In the second part of our series on self-evaluating your writing (read part one here), we tackle five more ways to objectively examine your own work.
Plot: Here is the unvarnished truth: many plots are simply boring. Often a novice writer will focus all of their energy into a single plot line and fill the space with the protagonist’s daily meanderings and plenty of internal questioning. If ever you have a character ask themselves more than two questions in a row, revise. No one does this in real life. How often do you ask yourself long, protracted, and fully-articulated questions about anything (outside a therapist’s office)?
On the opposite side is the common error of burdening your plot with tangential sub-plots, or too many twists. Not every potential storyline or plot point has to make it into this manuscript. If you have multiple storylines that cannot be succinctly described, then you’ve gone too far, friend! Instead of trying to do too much, consider splitting your work into more than one book, especially if juggling your many plot lines means there are dropped threads littering the landscape, leaving your reader out there, dangling or tangled, and losing the will to live.
Pace: You should unveil your story with the kind of speed that compels your reader to keep turning the pages, neglect their domestic tasks, and stay up too late. What speed specifically depends on the genre of your work—historical fiction will have a very different tempo than contemporary thrillers—but, generally, you can determine the appropriate pace through varying chapter lengths, paragraph structures, sentence composition, and dialogue. Especially “pacey” genres like suspense, mystery, and thriller, also make effective use of cliff-hangers, foreshadowing, bread-crumbing, and red herrings.
Style: Here is where your writing can shine. Not too much, mind you—the structure and language should not be so “bright” as to blind your reader. While we editor-types tend to swoon over the line-by-line beauty of the literary greats, ultimately, the writing should not distract from the story. So pump the breaks on any linguistic acrobatics, back away from the thesaurus, and write authentically, with a view to connecting with your reader. The writing should serve the story, and not the other way around.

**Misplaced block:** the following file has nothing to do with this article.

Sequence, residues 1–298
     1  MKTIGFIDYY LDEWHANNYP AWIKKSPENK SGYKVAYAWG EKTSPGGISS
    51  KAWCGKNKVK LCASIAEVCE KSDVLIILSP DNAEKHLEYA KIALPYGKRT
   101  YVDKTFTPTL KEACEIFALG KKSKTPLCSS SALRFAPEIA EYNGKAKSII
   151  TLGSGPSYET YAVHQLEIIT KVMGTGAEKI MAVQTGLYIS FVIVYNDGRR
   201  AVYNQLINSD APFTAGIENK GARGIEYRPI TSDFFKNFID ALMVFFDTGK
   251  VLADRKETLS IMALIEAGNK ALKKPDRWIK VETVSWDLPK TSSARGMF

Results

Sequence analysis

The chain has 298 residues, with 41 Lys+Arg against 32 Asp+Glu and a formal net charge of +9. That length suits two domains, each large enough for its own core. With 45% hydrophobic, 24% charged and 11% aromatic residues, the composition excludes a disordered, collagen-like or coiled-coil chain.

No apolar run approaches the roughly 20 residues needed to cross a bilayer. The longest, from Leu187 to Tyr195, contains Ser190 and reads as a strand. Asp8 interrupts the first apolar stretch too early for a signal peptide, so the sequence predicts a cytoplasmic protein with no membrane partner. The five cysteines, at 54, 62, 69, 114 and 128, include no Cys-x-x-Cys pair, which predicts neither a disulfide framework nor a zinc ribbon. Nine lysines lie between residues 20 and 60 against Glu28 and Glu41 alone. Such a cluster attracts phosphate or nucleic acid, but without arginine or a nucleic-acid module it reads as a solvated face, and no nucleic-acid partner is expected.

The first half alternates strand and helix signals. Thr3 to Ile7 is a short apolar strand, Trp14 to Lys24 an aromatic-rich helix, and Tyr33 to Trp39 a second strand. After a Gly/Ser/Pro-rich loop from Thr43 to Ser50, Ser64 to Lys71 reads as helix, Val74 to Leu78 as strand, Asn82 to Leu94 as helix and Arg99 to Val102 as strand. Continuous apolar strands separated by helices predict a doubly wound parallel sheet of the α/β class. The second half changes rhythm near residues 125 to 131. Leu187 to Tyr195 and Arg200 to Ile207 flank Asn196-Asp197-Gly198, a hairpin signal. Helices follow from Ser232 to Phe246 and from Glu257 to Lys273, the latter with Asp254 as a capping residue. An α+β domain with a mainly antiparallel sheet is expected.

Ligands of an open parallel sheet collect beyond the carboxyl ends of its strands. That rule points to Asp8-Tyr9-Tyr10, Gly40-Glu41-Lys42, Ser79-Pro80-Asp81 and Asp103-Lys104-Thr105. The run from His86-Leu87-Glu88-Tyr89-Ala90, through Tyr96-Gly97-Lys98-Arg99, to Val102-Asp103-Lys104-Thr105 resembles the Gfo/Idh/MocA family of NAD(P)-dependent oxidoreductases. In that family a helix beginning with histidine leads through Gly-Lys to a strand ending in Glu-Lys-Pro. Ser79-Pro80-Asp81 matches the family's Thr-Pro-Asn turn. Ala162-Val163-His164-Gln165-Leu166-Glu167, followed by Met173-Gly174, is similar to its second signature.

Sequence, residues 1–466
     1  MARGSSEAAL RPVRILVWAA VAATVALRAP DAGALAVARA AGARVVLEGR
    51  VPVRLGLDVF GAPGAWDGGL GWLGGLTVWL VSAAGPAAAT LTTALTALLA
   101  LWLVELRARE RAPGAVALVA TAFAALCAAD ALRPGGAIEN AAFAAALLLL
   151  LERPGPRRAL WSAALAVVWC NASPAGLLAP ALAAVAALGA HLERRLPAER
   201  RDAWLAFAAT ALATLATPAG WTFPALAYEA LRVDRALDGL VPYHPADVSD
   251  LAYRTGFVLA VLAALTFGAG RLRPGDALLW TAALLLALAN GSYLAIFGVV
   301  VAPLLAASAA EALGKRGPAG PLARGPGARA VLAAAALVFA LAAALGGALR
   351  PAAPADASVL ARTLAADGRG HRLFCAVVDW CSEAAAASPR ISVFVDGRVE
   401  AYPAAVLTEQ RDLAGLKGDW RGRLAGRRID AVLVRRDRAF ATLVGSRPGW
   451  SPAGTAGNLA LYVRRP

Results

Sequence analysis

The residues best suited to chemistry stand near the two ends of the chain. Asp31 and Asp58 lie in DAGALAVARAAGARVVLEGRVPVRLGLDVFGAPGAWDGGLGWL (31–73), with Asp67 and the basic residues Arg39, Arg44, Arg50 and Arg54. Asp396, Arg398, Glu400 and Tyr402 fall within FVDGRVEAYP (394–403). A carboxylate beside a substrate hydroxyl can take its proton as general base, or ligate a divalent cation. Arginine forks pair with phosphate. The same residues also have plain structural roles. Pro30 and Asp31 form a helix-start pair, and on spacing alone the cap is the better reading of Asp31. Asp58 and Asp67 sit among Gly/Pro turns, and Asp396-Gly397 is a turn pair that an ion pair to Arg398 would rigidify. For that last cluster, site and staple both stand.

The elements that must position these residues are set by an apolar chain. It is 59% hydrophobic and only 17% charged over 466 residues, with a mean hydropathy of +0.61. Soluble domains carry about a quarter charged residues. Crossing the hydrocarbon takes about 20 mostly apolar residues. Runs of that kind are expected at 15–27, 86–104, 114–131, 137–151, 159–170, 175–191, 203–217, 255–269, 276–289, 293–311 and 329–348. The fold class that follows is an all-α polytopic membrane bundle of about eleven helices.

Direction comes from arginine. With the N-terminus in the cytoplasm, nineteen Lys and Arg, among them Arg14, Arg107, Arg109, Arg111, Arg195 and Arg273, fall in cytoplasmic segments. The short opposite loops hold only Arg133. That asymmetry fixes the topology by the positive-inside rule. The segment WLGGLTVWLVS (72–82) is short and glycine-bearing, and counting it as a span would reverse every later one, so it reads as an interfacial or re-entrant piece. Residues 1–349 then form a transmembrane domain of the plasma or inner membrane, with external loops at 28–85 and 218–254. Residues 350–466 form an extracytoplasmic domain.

Voice: Pick your narrative perspective. Is your novel told in third person or first person? Third-person POV is more commonly used because it gives the writer the most flexibility and control. First-person POV is immediate and solely in the head of the character, which can give the sense of intimacy but restricts the writer from everything but what the protagonist can know and experience in the moment. Consider the POV used most often in the published books of your genre. Voice is also dialogue, so work hard on delivering believable dialogue that either furthers the plot, develops your characters, or provides information to the reader.
Setting: Consider your setting a central character. Give the reader enough to picture where they are without getting bogged down in irrelevant details. Trust that we have seen many beautiful sunsets or sunrises in our own lives that we don’t need you to paint the sky for us with the colour primer dictionary. Similarly, don’t give us minute details of a character walking/driving to the store and everything they observe on their way, elaborate cooking and dressing rituals, and other mundane aspects of everyday life (this also slows down your plot as described above).
All of these aspects working together help make the unforgettable books that we love and recommend. Read and write on, and remember that we are happy to help with all elements of your narrative. Contact us for a free consultation to select the best service for your work.
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